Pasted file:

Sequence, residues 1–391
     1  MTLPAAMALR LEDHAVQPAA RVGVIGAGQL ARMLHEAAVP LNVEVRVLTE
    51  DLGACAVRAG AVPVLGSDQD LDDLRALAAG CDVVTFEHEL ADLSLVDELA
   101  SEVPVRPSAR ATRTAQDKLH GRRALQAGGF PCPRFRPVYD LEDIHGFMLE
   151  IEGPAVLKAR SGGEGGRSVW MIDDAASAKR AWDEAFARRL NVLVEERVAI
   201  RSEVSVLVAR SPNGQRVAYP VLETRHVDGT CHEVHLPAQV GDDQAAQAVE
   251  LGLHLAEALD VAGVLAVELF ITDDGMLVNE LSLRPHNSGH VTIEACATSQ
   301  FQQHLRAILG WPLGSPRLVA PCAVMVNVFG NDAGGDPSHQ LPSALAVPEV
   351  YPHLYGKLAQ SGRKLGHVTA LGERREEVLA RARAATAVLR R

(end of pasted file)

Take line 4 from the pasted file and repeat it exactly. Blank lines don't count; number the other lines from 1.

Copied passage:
   101  SEVPVRPSAR ATRTAQDKLH GRRALQAGGF PCPRFRPVYD LEDIHGFMLE